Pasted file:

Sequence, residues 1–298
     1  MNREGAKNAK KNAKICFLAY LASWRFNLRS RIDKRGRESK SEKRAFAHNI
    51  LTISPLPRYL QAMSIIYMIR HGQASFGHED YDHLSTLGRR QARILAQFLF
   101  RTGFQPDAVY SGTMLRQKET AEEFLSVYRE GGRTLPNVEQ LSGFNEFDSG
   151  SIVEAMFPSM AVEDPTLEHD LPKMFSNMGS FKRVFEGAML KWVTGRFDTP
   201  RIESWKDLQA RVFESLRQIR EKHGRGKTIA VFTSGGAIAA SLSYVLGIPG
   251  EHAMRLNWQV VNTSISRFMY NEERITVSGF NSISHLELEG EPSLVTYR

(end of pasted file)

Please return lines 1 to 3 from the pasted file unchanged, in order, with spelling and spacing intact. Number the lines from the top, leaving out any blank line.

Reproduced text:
Sequence, residues 1–298
     1  MNREGAKNAK KNAKICFLAY LASWRFNLRS RIDKRGRESK SEKRAFAHNI
    51  LTISPLPRYL QAMSIIYMIR HGQASFGHED YDHLSTLGRR QARILAQFLF